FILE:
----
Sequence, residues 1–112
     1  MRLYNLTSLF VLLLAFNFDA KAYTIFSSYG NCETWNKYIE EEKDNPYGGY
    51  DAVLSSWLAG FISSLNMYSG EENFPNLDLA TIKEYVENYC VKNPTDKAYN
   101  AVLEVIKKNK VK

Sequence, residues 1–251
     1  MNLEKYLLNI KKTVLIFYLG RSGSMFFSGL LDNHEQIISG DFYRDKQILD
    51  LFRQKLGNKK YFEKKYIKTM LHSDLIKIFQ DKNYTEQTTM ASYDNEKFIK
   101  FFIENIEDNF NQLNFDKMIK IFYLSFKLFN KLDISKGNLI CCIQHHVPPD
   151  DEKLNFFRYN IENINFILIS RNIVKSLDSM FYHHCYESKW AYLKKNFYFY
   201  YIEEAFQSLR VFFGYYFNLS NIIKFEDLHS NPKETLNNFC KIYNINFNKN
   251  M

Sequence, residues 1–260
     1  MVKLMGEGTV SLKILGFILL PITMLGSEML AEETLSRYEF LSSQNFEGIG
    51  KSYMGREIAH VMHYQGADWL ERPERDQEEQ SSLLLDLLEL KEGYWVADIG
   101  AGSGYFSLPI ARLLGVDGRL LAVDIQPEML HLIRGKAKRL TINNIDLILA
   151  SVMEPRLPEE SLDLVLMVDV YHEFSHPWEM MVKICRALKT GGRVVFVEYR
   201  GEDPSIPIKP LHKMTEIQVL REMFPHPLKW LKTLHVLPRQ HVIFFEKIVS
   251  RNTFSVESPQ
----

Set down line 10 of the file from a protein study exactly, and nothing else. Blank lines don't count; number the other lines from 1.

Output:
   201  YIEEAFQSLR VFFGYYFNLS NIIKFEDLHS NPKETLNNFC KIYNINFNKN